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We stated late morning and reached the Lanesboro dam by late afternoon. Now the guidebook says there is a short portage to the left, but that's bad information. The portage requires a longish carry through the city park/campground, down the street and to the parking lot below the dam. This wouldn't have been a bother, except that we were using a flat-backed aluminum monster of a canoe. There is camping at this point, or a take out spot. Although if you stop there, you miss on the short and fun stretch that goes through the scenic little town. On this segment we experienced the roughest water on the trip. Two foot standing waves the color of froth and sapphire. A couple miles downriver the South Fork meets the middle and you say goodbye to the clear little trout stream.
Another good option to get to this point is taking the North Branch from Chatfield (it will soon merge with the Middle Branch). The North/Middle branch is longer and passable at most any water level. It passes through forested craggy valleys and has big populations of bald eagles, herons and kingfishers. There are several nice campsites and the river passes the ruins of a hulking stone power plant that once yielded electricity by funneling part of the river through a tunnel in the cliff.
When I was on the river last summer, there had been two major floods within the last year. One of them had wreaked massive damage on several river towns and was the worst flood on record. The floods had left behind hundreds of snags and wiped out campsites downriver.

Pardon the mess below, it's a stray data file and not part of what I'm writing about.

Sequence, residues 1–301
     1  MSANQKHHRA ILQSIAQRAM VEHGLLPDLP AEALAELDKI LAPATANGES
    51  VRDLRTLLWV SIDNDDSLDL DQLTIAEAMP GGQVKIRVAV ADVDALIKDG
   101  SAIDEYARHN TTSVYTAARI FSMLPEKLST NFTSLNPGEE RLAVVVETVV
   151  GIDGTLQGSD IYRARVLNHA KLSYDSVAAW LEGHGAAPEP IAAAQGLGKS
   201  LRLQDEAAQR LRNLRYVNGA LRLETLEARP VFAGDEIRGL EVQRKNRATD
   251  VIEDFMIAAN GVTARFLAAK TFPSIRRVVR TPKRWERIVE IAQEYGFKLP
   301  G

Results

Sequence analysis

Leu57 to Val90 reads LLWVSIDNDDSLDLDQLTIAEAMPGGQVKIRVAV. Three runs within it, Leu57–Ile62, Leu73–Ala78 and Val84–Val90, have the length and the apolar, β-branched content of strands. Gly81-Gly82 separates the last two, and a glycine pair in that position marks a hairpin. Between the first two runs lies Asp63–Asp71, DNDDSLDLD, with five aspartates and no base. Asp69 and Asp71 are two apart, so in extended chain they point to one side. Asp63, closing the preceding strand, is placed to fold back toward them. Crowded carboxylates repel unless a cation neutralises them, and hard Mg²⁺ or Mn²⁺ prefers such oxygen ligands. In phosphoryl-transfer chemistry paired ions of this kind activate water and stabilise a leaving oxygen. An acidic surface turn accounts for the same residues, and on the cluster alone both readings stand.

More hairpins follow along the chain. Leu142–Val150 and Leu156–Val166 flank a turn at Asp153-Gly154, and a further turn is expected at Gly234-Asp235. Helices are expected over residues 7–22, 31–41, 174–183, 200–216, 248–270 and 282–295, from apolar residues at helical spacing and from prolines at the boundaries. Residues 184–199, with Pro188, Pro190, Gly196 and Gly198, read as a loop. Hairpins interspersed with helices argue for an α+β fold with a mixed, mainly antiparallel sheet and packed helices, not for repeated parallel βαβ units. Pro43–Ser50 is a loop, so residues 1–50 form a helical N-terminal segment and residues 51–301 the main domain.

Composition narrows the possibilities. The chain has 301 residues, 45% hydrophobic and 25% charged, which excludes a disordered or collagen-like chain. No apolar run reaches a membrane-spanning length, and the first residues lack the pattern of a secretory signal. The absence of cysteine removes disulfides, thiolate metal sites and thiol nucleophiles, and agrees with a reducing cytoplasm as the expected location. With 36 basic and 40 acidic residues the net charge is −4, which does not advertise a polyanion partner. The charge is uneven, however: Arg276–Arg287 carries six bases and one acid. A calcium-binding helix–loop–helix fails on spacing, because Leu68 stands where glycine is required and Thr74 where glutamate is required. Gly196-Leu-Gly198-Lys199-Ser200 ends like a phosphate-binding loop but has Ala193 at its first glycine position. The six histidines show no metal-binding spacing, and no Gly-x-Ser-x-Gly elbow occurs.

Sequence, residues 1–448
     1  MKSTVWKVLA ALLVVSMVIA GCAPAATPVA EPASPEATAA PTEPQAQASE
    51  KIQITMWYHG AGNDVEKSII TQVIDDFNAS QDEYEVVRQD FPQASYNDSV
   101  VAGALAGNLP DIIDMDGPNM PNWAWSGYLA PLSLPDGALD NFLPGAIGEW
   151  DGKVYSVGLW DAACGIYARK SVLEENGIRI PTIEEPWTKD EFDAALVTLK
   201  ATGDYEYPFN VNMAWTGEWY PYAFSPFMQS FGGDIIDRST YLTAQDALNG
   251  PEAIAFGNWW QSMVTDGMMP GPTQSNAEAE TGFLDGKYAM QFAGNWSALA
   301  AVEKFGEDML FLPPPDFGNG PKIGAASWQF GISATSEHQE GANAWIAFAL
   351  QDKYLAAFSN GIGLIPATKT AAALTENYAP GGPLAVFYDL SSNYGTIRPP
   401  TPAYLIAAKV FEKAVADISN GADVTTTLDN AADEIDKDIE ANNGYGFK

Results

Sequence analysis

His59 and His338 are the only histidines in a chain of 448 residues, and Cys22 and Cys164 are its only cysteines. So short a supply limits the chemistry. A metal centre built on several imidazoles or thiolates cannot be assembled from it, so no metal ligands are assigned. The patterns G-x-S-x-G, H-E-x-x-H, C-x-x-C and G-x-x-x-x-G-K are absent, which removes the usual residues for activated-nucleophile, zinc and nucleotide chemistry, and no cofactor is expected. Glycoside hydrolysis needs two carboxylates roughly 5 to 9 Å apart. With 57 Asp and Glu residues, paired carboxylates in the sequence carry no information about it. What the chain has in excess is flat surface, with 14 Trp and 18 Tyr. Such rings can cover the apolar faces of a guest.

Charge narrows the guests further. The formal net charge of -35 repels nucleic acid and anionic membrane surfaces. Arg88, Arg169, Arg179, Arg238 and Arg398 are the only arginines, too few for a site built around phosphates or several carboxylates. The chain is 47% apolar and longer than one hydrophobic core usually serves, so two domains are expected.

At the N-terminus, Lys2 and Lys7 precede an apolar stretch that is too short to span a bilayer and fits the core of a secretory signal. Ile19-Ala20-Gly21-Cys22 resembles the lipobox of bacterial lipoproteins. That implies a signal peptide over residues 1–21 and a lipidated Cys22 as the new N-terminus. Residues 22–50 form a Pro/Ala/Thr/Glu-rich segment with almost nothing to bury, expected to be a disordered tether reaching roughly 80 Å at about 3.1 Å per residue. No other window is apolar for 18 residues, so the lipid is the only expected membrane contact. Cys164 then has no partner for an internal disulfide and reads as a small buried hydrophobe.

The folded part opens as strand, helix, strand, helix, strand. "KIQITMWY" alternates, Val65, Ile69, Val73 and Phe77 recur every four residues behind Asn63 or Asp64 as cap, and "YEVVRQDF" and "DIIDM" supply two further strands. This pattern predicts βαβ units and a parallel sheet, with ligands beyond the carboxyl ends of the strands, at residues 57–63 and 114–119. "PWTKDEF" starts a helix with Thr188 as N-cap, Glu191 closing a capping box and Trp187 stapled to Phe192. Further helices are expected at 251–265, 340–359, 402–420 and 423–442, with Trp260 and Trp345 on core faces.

We camped the first night at an unofficial spot shortly after Whalan. The water was still high from the most recent flood and the next day we found ourselves making faster progress than expected. Bends are where the snags gathered. At one such curve we encountered dozens of dead trees and had to struggle to find a few foot opening to eek through. On a practice run the month before we’d launched upriver from Chatfield and on a tight turn, with faster water and only a fraction as wide, had caught the end of a strainer on the cumbersome boat’s keel and dumped. I caught the canoe and looked to where my cousin should have been, but could only see the bottom of her shoe. After what seemed like far too long, she came popping out. That little trip killed both our phones.
We’d planned on spending three nights, but as the second day swept by, we started leaning towards two. The river goes near the tiny town of Peterson and we stopped to find some sandals for my cousin. It’s a cute clean little town with a café and outfitter. Later in the day we couldn’t find the campsite we were shooting for and settled on a beach. The next day we realized the campsites had washed out. We stopped for lunch at one where a sign remained and had to clamber up an eroded several foot mud bank and found no signs of table or privy, only grazing cows.
Passed the town of Houston the river is channelized. The straightness eliminated the strainer fields, but robbed some of its character. I feared reaching some bend and finding an impenetrable, veritable forest of deadfall, but there was no such thing. After passing under Highway 26 the river passes three miles through swampy and interesting Mississippi River backwater. After several miles on the Miss we ended at the public landing in Brownsville. The Mississippi here is sandy and has numerous islands, though there were many pleasure boaters and wind was kicking up a fair chop.
Preston to Whalen, 18 miles (or 35 from Chatfield to Whalan)
Whalan to the Mississippi, 54.5 (plus several on the Miss)
Printable DNR map and guide:
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Kayak & Canoe Covers